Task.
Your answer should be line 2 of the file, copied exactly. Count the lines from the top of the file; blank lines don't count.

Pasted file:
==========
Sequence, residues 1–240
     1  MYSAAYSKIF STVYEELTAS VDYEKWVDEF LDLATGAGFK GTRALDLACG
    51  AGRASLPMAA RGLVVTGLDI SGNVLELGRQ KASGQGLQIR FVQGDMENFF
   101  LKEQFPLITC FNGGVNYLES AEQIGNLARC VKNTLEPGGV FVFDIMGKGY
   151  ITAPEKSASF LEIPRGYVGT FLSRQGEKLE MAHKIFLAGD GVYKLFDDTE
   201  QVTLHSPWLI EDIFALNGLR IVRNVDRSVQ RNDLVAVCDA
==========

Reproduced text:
     1  MYSAAYSKIF STVYEELTAS VDYEKWVDEF LDLATGAGFK GTRALDLACG